Friday, March 28, 2014


Shell Edge Plates
 Don Carpentier wrote an excellent article titled Do You Know What the Real Name for this Plate Edge Is?  It turns out that what I have been calling feather edge is actually shell edge!  I even own books about feather edge ceramics that are actually shell edge! 

A feather edge plate has a border that resembles a feather.  


Feather Edge Plate

Close-up of a feather edge

A shell edge plate has a border that resembles the ridges on a shell.

Shell Edge plate

Close-up of shell edge

Shell Edge plate

Close-up of shell edge

Shell Edge plate

Close-up of shell edge

The next time you find a shell edge called a feather edge, please say something!

Saturday, March 22, 2014


Last year, I wrote about one of my favorite fables by Aesop, The Dog in the Manger.  This post seemed to resonate with my readers.  Many of us like to have our behaviors summed up in a moral at the end of an animal fable.  Probably a bit less threatening (and cheaper) than the psychiatrist's coach!  Another of my favorite fables is The Fox and the Grapes.

Brownhills Pottery (1872-1896) Aesop's Fables The Fox And The Grapes 6.12 inch child's ABC plate
One hot summer’s day a Fox was strolling through an orchard till he came to a bunch of Grapes just ripening on a vine which had been trained over a lofty branch. “Just the thing to quench my thirst,” quoth he. Drawing back a few paces, he took a run and a jump, and just missed the bunch. Turning round again with a One, Two, Three, he jumped up, but with no greater success. Again and again he tried after the tempting morsel, but at last had to give it up, and walked away with his nose in the air, saying: “I am sure they are sour.”
Moral: It is easy to despise what you cannot get.

The fable was and continues to be a popular teaching tool for young children (and grown ups).  Below see a children's mug with another example of the pattern.

Unknown Maker Fox and Grapes 2.5 inch high child's mug, ca. 1840
In 1830, the Spode factory introduced a dinner service (definitely intended for adults) that depicted many of Aesop's Fables.  Twenty-seven of these patterns can be seen in the Spode Exhibition Online.  Some of the designs were copied from illustrations in an 1814 edition of Aesop's Fables, printed at the Chiswick press for Carpenter and Son, Old Bond Street etc.  The preface and English renditions of the fables are by Samuel Croxall (ca. 1690-1752).  (See the link to Project Gutenberg eBook.)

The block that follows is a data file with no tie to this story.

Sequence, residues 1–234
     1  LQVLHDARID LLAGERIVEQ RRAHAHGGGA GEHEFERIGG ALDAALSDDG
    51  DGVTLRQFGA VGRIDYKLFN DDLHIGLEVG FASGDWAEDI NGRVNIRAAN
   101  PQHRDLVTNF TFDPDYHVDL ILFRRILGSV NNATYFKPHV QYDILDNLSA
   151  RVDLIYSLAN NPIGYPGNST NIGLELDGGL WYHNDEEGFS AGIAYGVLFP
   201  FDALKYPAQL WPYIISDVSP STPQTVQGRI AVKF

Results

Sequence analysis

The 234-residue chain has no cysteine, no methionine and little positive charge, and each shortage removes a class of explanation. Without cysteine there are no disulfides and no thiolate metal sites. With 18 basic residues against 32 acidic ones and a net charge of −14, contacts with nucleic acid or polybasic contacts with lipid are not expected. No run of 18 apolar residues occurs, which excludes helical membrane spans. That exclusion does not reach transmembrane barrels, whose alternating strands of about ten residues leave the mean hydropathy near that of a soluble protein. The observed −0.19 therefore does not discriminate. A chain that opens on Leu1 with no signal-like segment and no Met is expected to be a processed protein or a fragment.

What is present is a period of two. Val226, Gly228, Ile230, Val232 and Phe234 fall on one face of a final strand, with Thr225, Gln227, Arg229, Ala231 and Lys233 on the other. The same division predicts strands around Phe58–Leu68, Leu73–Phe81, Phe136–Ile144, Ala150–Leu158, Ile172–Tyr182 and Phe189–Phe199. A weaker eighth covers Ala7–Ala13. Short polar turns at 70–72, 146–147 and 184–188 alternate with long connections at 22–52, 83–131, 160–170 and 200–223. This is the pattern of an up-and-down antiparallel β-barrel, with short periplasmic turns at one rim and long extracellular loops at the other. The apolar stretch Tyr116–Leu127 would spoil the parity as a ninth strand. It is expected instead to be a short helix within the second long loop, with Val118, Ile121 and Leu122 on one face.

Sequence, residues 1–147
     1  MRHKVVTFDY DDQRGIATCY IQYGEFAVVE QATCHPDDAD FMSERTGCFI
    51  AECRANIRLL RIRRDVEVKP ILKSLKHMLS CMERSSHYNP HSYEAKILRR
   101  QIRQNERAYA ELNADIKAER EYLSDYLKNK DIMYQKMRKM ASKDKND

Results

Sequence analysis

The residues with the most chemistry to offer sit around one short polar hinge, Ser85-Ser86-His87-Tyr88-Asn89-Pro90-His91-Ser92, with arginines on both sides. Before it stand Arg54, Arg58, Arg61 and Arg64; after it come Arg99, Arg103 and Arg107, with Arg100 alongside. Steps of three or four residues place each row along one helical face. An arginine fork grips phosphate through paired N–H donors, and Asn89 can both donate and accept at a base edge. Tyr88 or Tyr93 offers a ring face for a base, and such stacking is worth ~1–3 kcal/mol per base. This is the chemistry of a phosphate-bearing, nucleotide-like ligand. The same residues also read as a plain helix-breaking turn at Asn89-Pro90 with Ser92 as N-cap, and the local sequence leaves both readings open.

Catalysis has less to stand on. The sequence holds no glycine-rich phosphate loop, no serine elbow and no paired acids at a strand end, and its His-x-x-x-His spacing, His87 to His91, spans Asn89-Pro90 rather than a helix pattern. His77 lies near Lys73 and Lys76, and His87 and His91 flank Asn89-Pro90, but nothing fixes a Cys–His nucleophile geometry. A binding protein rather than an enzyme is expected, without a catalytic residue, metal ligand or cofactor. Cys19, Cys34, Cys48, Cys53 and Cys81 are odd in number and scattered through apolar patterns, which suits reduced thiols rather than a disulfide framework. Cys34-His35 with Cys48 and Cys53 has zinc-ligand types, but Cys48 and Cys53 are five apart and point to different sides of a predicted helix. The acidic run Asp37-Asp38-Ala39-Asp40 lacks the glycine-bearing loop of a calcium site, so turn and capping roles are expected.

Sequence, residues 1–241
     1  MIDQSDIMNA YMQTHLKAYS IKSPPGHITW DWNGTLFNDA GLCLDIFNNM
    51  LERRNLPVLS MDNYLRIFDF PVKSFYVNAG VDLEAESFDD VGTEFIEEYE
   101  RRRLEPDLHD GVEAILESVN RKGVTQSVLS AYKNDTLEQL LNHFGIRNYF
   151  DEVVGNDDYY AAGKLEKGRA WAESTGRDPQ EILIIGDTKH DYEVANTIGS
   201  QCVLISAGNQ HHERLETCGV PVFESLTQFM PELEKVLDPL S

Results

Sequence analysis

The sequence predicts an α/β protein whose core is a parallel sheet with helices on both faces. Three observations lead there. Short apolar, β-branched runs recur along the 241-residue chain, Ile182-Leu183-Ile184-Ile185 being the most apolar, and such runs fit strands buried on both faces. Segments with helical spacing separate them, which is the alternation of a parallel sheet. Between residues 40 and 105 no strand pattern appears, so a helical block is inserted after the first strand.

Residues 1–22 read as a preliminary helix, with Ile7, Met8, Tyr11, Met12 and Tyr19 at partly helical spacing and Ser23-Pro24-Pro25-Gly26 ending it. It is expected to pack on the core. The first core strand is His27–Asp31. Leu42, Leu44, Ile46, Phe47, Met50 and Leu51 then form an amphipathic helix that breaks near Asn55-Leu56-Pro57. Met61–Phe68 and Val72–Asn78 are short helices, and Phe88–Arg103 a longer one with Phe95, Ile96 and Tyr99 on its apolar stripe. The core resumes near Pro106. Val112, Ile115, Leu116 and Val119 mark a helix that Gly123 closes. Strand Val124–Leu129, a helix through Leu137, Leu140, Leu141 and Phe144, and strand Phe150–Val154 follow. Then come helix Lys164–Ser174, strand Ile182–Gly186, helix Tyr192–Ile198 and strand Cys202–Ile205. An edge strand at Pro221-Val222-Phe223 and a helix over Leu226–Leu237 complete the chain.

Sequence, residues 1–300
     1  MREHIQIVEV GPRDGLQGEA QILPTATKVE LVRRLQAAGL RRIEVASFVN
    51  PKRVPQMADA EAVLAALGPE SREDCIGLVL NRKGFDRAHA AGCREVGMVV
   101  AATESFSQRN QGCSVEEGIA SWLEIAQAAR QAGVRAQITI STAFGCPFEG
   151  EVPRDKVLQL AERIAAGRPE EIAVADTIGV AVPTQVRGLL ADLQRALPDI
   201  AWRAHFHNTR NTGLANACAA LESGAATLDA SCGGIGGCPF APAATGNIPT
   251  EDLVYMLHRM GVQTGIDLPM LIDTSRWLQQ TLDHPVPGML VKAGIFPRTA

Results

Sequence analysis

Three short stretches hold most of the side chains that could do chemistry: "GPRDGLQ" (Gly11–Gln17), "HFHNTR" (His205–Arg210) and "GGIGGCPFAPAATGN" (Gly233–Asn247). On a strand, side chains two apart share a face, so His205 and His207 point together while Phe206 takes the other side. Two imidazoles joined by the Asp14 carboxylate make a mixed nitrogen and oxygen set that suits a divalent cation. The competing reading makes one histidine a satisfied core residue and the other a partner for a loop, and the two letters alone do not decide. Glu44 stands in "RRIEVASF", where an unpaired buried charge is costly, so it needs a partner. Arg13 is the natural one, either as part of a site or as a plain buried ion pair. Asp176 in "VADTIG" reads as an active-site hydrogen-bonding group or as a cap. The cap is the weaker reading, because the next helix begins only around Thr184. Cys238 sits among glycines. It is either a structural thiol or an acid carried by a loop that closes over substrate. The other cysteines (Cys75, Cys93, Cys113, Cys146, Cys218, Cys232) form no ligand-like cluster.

Spode Aesops (sic) Fables The Fox And The Grapes 6.25 inch plate, ca. 1830

Spode Aesops's Fables Mark/Notice the impressed Spode mark

The Fox And The Grapes source print, 1814
I always think about the fox and his scorn of the grapes he couldn't reach when there is something I can't have: "I would never want to be young again!"  This is probably an example of (for me) "sour grapes."

Sunday, March 16, 2014


If this plate looks familiar, it is because I used it in a blog post I wrote about my father for Father's Day.  His name was Joseph.  Always called Joe or Joey.  My newest grandson was born on Wednesday night, March 12, 2014.  He is named for my father.  I can't think of a lovelier tribute.

As I said in an earlier blog post, Present For My Dear Boy (written in November 2013 to celebrate the birth of my grandson, Liam), children's patterns with names were often intended as gifts for a new baby.  Joseph is my first grandchild who has a name that was popular in the 19th century, so I hope he likes children's patterns!  Here are a few intended for a loved child named Joseph.

Joseph Terrence (for his maternal grandfather Terry) born on March 12, 2014; 9 pounds two ounces, 21 inches
Joseph Rudolph born on June 26, 1917 ( he may have been about four month in this photo)

Thursday, March 13, 2014

CRIMEAN WAR AGAIN (Plus ça change, plus c'est la même chose)

A 6.6 inch child's plate that celebrates the alliance of Britain and France during the Crimean War.  The three battles in the banner, Alma, Inkerman, and Balaclava were British/French victories.